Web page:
• Always make sure all child passengers have left the car when you reach your destination. Don't overlook sleeping infants.

Heat Wave Safety Tips

  • Slow down - Strenuous activities should be reduced, eliminated, or rescheduled to the coolest time of the day. Individuals at risk should stay in the coolest available place, not necessarily indoors.
  • Dress for summer- Lightweight light-colored clothing reflects heat and sunlight, and helps your body maintain normal temperatures.
  • Put less fuel on your inner fires - Foods (like proteins) that increase metabolic heat production also increase water loss.
  • Drink plenty of water or other non-alcohol fluids - Your body needs water to keep cool. Drink plenty of fluids even if you don't feel thirsty. Persons who (1) have epilepsy or heart, kidney, or liver disease, (2) are on fluid restrictive diets or (3) have a problem with fluid retention should consult a physician before increasing their consumption of fluids. Do not drink alcoholic beverages.
  • Spend more time in air-conditioned places - Air conditioning in homes and other buildings markedly reduces danger from the heat. If you cannot afford an air conditioner, spending some time each day (during hot weather) in an air conditioned environment affords some protection.
  • Don't get too much sun - Sunburn makes the job of heat dissipation that much more difficult
  • Do not take salt tablets unless specified by a physician

 

Know These Heat Disorder Symptoms

SUNBURN: Redness and pain. In severe cases swelling of skin, blisters, fever, headaches. First Aid: Ointments for mild cases if blisters appear and do not break. If Example of a severe sunburnbreaking occurs, apply dry sterile dressing. Serious, extensive cases should be seen by physician.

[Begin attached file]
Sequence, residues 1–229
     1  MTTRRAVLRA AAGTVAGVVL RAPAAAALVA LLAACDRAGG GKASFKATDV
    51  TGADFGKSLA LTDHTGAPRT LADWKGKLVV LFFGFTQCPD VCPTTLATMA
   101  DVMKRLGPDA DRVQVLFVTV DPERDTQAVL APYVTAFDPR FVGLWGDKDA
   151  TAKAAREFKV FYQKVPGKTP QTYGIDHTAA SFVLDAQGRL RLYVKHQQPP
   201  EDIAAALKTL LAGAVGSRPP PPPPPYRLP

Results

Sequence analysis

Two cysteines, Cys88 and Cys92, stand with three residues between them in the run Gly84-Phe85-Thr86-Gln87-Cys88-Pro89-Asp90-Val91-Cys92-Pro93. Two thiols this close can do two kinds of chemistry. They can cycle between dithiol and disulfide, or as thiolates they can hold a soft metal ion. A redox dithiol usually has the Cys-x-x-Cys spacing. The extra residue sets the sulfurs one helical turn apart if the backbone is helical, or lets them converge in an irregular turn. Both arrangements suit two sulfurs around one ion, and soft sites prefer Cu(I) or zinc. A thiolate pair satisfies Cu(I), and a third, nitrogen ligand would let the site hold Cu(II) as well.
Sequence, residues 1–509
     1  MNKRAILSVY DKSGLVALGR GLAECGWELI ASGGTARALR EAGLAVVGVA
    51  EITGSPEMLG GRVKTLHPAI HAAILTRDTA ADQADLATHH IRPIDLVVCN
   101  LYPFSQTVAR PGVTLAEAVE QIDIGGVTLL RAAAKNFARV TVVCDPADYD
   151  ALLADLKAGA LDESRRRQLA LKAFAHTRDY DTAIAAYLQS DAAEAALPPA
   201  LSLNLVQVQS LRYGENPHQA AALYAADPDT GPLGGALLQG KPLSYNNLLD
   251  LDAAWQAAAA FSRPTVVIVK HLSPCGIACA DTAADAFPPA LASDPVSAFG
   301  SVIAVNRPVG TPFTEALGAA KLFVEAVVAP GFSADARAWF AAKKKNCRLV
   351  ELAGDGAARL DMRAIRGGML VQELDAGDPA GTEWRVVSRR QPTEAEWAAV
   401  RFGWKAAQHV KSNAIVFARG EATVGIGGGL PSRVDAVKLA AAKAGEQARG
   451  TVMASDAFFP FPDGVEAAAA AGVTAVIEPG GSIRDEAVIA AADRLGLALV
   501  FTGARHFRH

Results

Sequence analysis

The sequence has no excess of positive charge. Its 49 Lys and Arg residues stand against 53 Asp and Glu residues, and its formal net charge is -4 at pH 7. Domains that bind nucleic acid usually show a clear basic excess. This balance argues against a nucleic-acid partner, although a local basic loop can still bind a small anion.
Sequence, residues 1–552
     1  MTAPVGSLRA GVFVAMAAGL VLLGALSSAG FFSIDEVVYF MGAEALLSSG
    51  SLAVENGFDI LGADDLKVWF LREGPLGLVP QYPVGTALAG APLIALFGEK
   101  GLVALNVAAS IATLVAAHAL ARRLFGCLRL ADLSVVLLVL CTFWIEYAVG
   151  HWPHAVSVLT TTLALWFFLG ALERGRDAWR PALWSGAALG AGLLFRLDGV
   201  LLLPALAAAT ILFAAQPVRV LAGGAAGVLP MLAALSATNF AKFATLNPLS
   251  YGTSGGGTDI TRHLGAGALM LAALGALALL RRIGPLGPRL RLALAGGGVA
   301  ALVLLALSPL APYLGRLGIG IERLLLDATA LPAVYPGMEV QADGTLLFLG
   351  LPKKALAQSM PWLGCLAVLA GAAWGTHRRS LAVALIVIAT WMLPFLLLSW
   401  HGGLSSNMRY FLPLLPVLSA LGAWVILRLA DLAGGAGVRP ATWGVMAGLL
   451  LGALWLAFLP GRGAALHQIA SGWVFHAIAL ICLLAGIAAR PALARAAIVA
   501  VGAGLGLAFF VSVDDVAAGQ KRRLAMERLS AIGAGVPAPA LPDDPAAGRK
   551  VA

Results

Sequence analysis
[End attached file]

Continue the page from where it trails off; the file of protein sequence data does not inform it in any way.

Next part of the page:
HEAT CRAMPS: Painful spasms usually in muscles of legs and abdomen possible. Heavy sweating. First Aid: Firm pressure on cramping muscles, or gentle massage to relieve spasm. Give sips of water. If nausea occurs, discontinue use.

HEAT EXHAUSTION: Heavy sweating, weakness, skin cold, pale and clammy. Pulse thready. Normal temperature possible. Fainting and vomiting. First Aid: Get victim out of sun. Lay down and loosen clothing. Apply cool, wet cloths. Fan or move victim to air conditioned room. Sips of water. If nausea occurs, discontinue use. If vomiting continues, seek immediate medical attention.

HEAT STROKE (sunstroke): High body temperature (106° F or higher). Hot dry skin. Rapid and strong pulse. Possible unconsciousness. First Aid: HEAT STROKE IS A SEVERE MEDICAL EMERGENCY. SUMMON EMERGENCY MEDICAL ASSISTANCE OR GET THE VICTIM TO A HOSPITAL IMMEDIATELY. DELAY CAN BE FATAL. Move the victim to a cooler environment Reduce body temperature with cold bath or sponging. Use extreme caution. Remove clothing, use fans and air conditioners. If temperature rises again, repeat process. Do not give fluids. Persons on salt restrictive diets should consult a physician before increasing their salt intake.

*For more information contact your local American Red Cross Chapter. Ask to enroll in a first aid course.